Drifting Western Focus
Attempts to reintegrate Syria into the Arab world are part of the UAE’s wider strategy of diversifying global relationships. The U.S and UAE remain close global partners, particularly in the areas of bilateral counter-terrorism and security. Despite the admonishment from the State Department, the Biden administration has been reticent to criticize the UAE’s public overtures to Damascus. Under the auspices of the 2019 Caesar Act, which aims to isolate Assad through sanctions, the UAE is vulnerable to sanctions for re-engaging Assad, but there has been no suggestion that the U.S is contemplating such a move (Alaraby, March 9, 2021).
U.S. focus on the Middle East had already begun to drift since President Biden took office in January 2021, and the conflict in Ukraine has ensured its focus remains away from Syria. The conflict has, however, provided the UAE with unexpected geopolitical leverage due to global furor over Western purchases of Russian oil, which offers the UAE additional commercial interests. The West is unlikely to start sanctioning a state like the UAE which can provide alternate energy markets from Russia. A refusal by the UAE to support the Western position in Ukraine has, therefore, passed largely unnoticed. The UAE has even continued its policy of attempting to secure closer relationships with Russia as well as China through adopting a policy of increased neutrality in global conflicts (Middle East Eye, February 27). Maintaining working relations with multiple major powers and hedging bets that the U.S. will remain distracted appears to be working for the UAE.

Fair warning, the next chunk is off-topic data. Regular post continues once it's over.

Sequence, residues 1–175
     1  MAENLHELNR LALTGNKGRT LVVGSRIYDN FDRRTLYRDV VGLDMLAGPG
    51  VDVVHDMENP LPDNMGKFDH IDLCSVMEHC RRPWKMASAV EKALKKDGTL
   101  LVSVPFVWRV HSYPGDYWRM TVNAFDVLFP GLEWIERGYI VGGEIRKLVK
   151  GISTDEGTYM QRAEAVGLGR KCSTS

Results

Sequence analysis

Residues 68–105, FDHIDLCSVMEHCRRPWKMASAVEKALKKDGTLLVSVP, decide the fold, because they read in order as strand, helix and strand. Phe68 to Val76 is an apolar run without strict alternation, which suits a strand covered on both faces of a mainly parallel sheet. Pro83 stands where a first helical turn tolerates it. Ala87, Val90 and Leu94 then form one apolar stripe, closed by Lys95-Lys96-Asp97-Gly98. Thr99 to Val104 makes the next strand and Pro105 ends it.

Curbing Regional Adversaries
Greater influence in Syria will allow the UAE to curb the inclinations of regional adversaries, such as Iran and Turkey. Despite relations thawing in the past 12-18 months, Turkey and the UAE had previously been at odds with one another, largely due to the former’s support of Qatar and ties with the Muslim Brotherhood, and the Syrian civil war was the theatre where these tensions manifested. The UAE was also critical of Turkey’s conflation of Kurdish nationalism with terrorism and has repeatedly attempted to suppress Turkish influence in Syria (al-Monitor, February 25, 2019).
Damascus was able to partner with the UAE’s security establishment to force the withdrawal of hundreds of Turkish troops from Syria, who were set to be redeployed in Iraq (Middle East Eye, March 24). If Turkish interests and its presence in northern Syria are diminished, economic assistance to Syria will likely allow the UAE to establish significant influence in the region, while simultaneously offsetting Turkish regional ambitions. Relations with Turkey remain complex, but closer ties with Damascus have certainly allowed the UAE to flex its muscle in Syria, with demonstrable success. In sum, an emboldened al-Assad regime is detrimental to Turkey’s national security interests.